When we finally arrived in the tiny community of Nkonjwa after about an hour on the dirt road, we stopped and asked for directions to the chiefdom center from a woman walking alongside the road. We were going there to hand out the daily money allowances for the Child Protectors who were being trained there by one of our field officers, Nondumiso. “You see, Claire? This is a Swazi GPS,” said Bonkhe, pointing at the community member who had given us directions.  “We don’t need those fancy electronic systems here in Swaziland.”

We pulled off onto another dirt road and parked the truck in front of the cement building. Nondumiso waved at us and came outside, calling out to us in greeting. We went into the building, which was crowded wall-to-wall with the newly trained volunteers, and Nondumiso introduced the three of us newcomers. The crowd gasped and laughed when she introduced me as Siphiwe Mazibuko, and smiled even more widely when I greeted them in Siswati. As their names were called, each volunteer came up to us and received a small allowance to compensate for their transport and food during training. We thanked each of them and spent another half hour there with them before turning back around and beginning the long trip back to Mbabane.

The sun continued to shine brilliantly, and the breeze continued to blow gently, and the combination of the two felt blissful and beautiful. As I sat in the backseat with the wind whipping around me, I became lost once again in the passing landscape. It was now afternoon, and the road became crowded with children walking home from school, chasing each other, their laughter trailing behind us like the cloud of dust behind our truck. They were waving tree branches in the air like swords, but stopped when they saw us coming, some of them looking up in surprise as our arrival interrupted their game. Some of them pointed at me and shouted “Umlungu!” (“white person!”) while others waved and smiled shyly at me.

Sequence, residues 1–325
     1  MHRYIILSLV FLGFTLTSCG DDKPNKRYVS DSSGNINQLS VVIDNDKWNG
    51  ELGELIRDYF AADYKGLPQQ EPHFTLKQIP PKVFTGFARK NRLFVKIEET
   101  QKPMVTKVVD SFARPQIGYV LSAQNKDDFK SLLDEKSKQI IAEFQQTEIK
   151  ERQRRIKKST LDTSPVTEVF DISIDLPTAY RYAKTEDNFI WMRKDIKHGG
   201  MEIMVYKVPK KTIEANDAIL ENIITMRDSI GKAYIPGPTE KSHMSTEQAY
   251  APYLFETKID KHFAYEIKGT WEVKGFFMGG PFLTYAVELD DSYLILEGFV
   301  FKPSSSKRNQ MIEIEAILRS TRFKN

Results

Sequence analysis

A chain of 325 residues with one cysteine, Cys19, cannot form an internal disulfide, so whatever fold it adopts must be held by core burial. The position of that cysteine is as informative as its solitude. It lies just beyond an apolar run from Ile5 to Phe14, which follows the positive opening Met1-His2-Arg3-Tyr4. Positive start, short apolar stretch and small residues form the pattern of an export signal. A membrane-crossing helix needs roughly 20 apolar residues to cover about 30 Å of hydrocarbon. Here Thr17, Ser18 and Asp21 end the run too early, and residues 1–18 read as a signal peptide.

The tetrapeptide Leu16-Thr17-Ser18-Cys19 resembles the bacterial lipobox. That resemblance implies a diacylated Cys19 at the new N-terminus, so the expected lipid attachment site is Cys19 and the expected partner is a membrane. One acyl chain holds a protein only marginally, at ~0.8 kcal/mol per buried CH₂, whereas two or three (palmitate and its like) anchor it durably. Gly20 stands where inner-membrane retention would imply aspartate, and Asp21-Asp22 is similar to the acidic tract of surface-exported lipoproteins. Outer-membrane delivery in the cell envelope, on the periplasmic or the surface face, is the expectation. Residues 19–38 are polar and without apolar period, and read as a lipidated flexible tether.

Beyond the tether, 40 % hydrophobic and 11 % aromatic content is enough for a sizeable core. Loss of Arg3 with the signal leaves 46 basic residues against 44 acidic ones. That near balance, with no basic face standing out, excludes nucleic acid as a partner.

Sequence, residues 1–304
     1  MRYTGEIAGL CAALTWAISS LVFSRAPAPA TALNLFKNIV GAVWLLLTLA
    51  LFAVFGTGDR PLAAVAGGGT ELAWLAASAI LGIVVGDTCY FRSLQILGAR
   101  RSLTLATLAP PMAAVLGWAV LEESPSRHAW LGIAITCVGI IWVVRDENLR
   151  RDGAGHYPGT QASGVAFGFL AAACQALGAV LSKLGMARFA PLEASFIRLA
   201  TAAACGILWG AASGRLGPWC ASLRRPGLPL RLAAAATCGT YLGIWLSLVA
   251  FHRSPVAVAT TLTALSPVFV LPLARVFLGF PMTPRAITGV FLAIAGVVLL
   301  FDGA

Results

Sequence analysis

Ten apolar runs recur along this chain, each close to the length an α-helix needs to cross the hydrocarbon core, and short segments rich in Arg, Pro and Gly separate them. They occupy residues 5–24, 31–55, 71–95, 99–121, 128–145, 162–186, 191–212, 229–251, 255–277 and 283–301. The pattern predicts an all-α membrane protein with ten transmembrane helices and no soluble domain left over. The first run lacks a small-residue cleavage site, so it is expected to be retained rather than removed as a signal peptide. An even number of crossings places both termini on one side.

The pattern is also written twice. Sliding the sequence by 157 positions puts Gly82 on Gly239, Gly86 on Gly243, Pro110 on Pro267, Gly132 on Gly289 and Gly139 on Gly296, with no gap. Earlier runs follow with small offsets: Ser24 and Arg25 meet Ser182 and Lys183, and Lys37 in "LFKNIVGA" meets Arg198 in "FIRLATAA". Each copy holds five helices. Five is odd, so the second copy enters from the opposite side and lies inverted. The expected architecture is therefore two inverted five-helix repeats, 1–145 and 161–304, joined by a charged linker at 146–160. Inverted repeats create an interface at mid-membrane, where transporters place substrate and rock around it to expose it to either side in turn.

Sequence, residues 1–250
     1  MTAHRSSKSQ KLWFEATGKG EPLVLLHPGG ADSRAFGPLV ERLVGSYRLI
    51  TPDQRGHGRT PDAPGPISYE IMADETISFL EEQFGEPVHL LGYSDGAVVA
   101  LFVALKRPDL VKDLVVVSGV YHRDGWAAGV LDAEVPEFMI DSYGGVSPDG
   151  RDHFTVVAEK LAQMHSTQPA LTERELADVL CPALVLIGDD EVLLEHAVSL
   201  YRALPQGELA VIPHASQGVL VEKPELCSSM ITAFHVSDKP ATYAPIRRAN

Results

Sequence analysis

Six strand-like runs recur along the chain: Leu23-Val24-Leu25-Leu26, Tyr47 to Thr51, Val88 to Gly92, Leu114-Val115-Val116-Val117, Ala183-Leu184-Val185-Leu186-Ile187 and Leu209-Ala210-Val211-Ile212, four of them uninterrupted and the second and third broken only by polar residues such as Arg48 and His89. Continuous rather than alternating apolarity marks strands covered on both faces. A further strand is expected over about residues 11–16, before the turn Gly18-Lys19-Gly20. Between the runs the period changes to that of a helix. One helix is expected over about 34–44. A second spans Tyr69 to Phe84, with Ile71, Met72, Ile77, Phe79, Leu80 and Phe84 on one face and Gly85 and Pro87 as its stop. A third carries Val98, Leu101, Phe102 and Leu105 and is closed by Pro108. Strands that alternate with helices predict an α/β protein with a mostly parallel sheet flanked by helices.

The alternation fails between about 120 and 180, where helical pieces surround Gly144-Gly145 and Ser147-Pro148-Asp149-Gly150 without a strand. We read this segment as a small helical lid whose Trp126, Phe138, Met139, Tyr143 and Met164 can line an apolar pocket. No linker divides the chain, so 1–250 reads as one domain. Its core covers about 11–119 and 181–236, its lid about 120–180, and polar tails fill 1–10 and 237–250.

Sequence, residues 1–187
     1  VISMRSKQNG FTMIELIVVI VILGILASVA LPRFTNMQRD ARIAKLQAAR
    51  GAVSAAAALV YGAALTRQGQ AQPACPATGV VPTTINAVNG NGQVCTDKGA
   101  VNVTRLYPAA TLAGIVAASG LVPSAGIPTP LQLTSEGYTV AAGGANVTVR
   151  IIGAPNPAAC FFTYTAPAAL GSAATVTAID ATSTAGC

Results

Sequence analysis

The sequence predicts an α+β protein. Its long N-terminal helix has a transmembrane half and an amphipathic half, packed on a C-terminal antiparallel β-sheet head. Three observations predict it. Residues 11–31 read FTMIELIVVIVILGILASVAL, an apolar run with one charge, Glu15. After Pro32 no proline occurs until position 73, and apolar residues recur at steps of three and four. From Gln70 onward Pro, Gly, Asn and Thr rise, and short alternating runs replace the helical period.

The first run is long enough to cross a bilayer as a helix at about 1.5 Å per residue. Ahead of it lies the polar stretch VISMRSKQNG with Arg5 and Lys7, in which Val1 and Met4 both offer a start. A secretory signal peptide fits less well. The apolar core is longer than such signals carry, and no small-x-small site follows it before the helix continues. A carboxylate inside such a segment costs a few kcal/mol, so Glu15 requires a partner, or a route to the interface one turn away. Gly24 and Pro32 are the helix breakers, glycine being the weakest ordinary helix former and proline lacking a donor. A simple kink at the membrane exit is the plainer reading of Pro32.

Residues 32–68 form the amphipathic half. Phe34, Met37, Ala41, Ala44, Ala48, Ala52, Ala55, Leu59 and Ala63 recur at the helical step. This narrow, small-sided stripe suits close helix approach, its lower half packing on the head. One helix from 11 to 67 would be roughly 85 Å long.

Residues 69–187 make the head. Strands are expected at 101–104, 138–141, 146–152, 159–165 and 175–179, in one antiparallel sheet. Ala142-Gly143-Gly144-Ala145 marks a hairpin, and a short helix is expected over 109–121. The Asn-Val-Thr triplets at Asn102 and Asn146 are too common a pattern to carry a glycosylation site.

We drove and drove, finally reaching the paved road again and turning left towards Manzini. As often happens in Swaziland, someone had asked that we make a stop along the way to pick something up for her since we were going in the same general direction as her errand, telling us it was “right on the way.” The detour ended up taking us the better part of an hour, and as we finally rolled into Mbabane near 5 p.m., I thought to myself about something a friend from Zimbabwe had told me recently. This friend spent the better part of her childhood in Swaziland and still lives here. She said that after a while, you just accept some of these delays, you give in to “Swazi time,” and the generally slow pace of life and work overpowers your objections, and all you can do is simply say: TIS. This Is Swaziland. 

Well, TIS, I thought to myself as we pulled into town, and I hopped out of the car and started off to the bus rank. No matter the late hour, it had still been a beautiful day and a chance to see a different, more elusive part of the country.